There are ascents that some do, simply for the kudos, but there are other types of adventures made by the creativity and perseverance of the individual.
> Text by Jordi Tosas
> Visuals by David Arinio
During many days of the pandemic - and now with the war - I was thinking a lot on how many times we are looking for the steepest, the hardest, the highest, the most difficult. Forgetting the beauty. We live in a pretty world filled with nature that we are destroying with tons upon tons of rubbish, we are polluting and using this world just for one photo or for one exploit to grow our egos. We don’t care about the fragility of our winters or the wild animals, or even for the short seasons of winter ice climbs. One trip to far lands to discover nothing new when in our backyards we have countless uncharted areas and new challenges waiting to be discovered. Simply being ourselves again in contact with a wild, unknown nature gives us the gift of exploring in a different way. The path of the simplest is the path of respect.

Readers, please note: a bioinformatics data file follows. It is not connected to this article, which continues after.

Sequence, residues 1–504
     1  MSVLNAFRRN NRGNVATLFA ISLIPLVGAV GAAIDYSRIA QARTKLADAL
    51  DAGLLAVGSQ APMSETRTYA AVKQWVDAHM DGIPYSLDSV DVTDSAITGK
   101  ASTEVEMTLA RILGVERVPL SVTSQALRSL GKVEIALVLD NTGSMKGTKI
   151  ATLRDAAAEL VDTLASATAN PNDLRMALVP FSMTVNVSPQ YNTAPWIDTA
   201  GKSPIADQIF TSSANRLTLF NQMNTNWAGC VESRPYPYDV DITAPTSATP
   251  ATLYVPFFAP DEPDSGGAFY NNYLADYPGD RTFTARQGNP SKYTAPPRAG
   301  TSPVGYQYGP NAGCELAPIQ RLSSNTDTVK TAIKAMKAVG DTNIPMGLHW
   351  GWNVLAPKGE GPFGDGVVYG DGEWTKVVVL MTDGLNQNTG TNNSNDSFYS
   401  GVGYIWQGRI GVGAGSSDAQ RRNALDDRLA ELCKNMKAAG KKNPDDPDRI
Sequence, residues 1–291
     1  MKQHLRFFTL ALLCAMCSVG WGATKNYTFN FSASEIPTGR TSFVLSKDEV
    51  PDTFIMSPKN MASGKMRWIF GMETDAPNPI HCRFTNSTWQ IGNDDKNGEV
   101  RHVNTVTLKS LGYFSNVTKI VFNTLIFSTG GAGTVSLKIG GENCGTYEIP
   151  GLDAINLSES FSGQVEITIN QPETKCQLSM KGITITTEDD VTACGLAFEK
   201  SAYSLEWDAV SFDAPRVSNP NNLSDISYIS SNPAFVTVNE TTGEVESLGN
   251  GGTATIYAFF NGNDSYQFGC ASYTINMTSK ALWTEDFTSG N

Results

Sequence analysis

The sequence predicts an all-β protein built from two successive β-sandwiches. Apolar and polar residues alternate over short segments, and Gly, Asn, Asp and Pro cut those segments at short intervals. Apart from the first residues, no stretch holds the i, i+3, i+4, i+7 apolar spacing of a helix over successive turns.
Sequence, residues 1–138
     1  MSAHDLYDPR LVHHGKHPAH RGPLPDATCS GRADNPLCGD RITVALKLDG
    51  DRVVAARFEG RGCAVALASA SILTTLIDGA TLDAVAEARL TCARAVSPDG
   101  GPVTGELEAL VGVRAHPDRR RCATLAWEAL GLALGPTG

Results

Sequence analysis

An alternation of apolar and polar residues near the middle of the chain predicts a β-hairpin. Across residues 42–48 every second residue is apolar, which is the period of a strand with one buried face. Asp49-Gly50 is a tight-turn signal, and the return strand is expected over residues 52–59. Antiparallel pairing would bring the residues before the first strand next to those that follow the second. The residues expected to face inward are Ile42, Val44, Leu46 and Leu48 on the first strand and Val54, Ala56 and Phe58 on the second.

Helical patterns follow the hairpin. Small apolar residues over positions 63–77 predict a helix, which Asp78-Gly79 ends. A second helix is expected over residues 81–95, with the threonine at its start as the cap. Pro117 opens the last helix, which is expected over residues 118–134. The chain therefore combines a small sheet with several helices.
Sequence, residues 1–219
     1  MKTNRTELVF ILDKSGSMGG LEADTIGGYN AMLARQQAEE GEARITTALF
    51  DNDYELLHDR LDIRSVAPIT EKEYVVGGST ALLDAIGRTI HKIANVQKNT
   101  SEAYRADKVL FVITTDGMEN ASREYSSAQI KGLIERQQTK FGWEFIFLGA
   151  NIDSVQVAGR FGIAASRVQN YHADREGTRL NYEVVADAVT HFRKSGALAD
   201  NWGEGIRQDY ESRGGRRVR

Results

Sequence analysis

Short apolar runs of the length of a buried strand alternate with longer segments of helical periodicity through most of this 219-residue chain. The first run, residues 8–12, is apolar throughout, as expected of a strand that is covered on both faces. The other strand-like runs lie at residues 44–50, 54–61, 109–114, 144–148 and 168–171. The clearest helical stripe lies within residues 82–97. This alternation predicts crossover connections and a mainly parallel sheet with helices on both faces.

"Our goal was not to make one of the steepest descents in the Pyrenees, it was, just to write one short poem about our dreams, the dreams that are lived through open eyes."
Gaube was the dream of two close friends: David and me. David loved to climb that amazing line that splits the great wall of Vignemale. The magical geometry of one simple line. My dream was to ski that mystical line trapped between the light and darkness. David is a solid cameraman and I asked him to leave his mark in the way he knows, the visual poetry. Our goal was not to make one of the steepest descents in the Pyrenees, it was, just to write one short poem about our dreams, the dreams that are lived through open eyes.
Gaube Couloir was first ascended by the extreme audacity of H. Brulle, J. Bazillac, R. de Monts, C. Passet and F. Rooms on 7 August 1889 and has long been the reference for ice climbs in the Pyrenees.